1997Royal Bank was the first bank in Canada to install talking bank machines.
1998Royal Bank was the first financial institution in Canada to create an Advisory Council of Employees with Disabilities.
Royal Bank launched the RBC Canadian Painting Competition.
1999Suzanne Labarge was appointed Royal Bank’s first female Vice–Chairman.
2000Royal Bank was first Canadian bank to be named to the Dow Jones Sustainability Index, remaining on this Index every year since.
2003Royal Bank was first Canadian financial institution to adopt the Equator Principles, bringing the number of banks adopting the Principles to twelve, and the number of countries they represent to eight. The Equator Principles are a framework for financial institutions to manage environmental and social issues in project financing.
2004Janice Fukakusa was appointed Royal Bank’s first female Chief Financial Officer.
2005Royal Bank released “The Diversity Advantage,” the first report of its kind to quantify the contribution of newcomers to the Canadian economy.
2007Royal Bank launched the Blue Water Project, a ten-year, $50 million donations program supporting not-for-profit organizations that protect watersheds and provide or ensure access to clean drinking water.
2009Royal Bank was named one of Canada’s Greenest Employers for 2009 in a competition organized by the editors of Canada’s Top 100 Employers.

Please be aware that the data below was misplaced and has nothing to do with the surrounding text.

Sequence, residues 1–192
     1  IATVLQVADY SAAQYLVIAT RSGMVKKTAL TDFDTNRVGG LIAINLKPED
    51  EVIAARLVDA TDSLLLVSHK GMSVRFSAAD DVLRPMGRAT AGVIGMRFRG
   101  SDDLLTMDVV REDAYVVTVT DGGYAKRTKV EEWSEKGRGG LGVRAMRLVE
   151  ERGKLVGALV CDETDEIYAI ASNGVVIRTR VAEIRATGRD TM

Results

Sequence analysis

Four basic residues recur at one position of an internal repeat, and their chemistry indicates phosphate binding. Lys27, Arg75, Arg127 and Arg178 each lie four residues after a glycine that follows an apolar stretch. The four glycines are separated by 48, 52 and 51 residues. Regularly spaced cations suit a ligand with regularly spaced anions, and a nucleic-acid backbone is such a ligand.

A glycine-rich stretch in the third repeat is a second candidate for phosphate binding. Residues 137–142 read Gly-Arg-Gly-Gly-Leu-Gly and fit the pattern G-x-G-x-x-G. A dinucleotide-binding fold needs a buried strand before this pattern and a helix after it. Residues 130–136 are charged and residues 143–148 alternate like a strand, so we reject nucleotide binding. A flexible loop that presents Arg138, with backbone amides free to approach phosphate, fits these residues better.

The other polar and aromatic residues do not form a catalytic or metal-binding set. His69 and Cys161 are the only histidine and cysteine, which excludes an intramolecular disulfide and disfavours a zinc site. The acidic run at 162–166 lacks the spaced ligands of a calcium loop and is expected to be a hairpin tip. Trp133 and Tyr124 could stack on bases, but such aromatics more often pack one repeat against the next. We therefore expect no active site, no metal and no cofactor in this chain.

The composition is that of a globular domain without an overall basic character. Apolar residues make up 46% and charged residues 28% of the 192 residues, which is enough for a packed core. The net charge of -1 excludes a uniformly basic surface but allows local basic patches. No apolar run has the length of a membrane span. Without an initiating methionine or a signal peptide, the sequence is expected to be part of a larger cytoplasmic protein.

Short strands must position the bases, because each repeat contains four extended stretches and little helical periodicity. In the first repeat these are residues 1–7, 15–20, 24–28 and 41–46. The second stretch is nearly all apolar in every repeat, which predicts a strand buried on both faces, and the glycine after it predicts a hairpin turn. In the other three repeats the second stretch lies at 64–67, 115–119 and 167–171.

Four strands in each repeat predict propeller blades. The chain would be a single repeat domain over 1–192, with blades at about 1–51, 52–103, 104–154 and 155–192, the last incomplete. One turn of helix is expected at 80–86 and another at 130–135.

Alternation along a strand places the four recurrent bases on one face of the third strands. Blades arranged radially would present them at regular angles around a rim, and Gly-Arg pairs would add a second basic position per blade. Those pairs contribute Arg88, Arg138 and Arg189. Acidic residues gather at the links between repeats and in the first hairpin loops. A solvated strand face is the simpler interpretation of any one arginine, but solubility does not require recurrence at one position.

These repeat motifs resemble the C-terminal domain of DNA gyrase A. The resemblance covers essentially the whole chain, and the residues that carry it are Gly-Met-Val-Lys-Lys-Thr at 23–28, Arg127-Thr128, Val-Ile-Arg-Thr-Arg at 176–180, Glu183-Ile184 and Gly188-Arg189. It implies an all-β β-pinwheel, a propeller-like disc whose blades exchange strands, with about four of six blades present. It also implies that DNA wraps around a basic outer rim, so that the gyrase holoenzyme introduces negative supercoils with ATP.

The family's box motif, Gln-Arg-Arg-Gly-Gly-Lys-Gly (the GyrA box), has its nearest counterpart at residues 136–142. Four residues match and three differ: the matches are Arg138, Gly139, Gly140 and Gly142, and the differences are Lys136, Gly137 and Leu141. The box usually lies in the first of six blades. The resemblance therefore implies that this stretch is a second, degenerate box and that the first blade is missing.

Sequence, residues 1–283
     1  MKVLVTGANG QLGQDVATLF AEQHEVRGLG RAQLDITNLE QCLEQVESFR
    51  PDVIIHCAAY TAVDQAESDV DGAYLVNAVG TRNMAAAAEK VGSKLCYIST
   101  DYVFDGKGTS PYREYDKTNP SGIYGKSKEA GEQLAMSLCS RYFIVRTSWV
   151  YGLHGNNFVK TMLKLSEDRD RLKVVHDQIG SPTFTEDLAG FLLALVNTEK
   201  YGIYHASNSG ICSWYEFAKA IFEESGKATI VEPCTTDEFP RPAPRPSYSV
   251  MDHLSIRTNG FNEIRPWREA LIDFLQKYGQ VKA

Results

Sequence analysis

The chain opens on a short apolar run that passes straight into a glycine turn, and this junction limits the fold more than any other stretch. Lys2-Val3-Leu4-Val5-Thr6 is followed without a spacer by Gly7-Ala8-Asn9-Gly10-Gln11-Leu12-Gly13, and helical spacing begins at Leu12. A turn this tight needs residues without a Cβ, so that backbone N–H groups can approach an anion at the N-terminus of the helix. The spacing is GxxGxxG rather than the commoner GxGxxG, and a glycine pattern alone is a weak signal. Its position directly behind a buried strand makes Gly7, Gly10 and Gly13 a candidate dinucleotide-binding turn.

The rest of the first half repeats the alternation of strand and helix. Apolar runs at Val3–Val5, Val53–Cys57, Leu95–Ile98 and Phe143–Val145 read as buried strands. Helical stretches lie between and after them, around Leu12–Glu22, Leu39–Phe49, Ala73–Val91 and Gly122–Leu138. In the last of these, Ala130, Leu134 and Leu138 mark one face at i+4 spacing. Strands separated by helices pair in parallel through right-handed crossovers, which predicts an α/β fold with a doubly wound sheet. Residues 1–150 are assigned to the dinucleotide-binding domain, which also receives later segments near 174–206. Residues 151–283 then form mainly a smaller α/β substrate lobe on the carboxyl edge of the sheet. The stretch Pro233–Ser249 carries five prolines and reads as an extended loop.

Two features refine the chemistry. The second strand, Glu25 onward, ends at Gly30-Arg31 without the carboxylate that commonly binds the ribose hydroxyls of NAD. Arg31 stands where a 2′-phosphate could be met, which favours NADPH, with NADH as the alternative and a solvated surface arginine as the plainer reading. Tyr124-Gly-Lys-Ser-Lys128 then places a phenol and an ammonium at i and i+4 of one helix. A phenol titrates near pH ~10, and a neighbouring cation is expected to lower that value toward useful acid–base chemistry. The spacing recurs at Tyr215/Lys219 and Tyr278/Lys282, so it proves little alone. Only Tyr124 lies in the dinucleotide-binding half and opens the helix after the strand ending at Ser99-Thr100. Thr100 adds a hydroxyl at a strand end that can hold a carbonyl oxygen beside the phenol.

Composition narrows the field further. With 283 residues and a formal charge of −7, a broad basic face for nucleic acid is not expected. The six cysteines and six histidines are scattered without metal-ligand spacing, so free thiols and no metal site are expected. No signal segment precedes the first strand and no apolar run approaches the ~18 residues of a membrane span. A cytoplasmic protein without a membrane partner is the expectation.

Royal Bank launched the RBC Children’s Mental Health Project, a multi-year philanthropic commitment to support early intervention and public education programs in Canada.
RBC named Phil Fontaine, former National Chief of the Assembly of First Nations (AFN), as Special Advisor.
2010Royal Bank sponsored the 2010 Vancouver Olympic Games and Olympic Torch Relay.
Royal Bank earned the prestigious Catalyst Award for advancing women and other diverse groups.
Royal Bank was the first Canadian financial institution to offer telephone customer service in Cree and Inuktitut.
Royal Bank of Canada is honoured with the GLOBE Foundation’s 8th annual 2010 GLOBE Corporate Award for Environmental Excellence for its outstanding achievement in environmental stewardship and corporate-wide approach to sustainability.
2012Royal Bank launched the RBC Impact Fund, the first of its kind in Canada, intended to help finance projects by organizations and entrepreneurs tackling social and environmental challenges.